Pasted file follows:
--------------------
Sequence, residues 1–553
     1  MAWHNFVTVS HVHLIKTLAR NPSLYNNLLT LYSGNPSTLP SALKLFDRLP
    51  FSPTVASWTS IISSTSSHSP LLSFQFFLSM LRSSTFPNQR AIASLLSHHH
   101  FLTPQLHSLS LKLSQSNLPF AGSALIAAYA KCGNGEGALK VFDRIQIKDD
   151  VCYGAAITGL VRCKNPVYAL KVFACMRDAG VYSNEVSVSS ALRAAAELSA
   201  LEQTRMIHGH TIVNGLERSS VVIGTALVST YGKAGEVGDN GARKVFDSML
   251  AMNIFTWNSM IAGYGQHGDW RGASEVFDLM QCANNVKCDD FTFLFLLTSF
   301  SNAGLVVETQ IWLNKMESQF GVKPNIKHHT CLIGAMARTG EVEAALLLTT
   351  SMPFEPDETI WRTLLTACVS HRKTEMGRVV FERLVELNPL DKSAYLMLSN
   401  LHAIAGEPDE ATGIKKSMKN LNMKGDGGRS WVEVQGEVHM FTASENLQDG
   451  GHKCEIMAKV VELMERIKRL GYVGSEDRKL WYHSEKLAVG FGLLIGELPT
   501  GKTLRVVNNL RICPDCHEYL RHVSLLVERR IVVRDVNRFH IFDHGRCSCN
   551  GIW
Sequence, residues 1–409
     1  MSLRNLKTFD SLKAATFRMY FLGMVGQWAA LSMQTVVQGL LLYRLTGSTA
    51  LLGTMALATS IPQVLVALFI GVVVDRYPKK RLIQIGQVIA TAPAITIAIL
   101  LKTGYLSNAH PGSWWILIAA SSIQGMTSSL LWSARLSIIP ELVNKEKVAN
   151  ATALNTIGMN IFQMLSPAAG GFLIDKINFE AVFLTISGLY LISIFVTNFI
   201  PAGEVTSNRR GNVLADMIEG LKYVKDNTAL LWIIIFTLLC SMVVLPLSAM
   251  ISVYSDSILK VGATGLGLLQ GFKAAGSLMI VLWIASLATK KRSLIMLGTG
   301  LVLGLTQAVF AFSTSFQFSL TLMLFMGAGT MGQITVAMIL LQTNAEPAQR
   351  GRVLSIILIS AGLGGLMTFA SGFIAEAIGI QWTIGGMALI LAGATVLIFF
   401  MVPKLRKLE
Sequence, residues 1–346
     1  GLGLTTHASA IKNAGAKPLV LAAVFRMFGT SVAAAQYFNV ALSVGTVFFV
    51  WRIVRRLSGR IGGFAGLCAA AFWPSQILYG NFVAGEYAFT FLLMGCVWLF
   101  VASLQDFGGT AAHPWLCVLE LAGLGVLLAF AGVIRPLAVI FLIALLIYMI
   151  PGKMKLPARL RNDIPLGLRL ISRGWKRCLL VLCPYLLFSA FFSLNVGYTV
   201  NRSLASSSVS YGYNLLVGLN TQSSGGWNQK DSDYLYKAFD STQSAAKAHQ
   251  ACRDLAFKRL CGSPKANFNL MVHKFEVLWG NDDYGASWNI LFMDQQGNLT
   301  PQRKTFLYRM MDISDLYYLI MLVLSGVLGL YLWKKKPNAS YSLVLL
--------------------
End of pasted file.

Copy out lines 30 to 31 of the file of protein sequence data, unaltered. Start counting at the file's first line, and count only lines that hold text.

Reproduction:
   251  ACRDLAFKRL CGSPKANFNL MVHKFEVLWG NDDYGASWNI LFMDQQGNLT
   301  PQRKTFLYRM MDISDLYYLI MLVLSGVLGL YLWKKKPNAS YSLVLL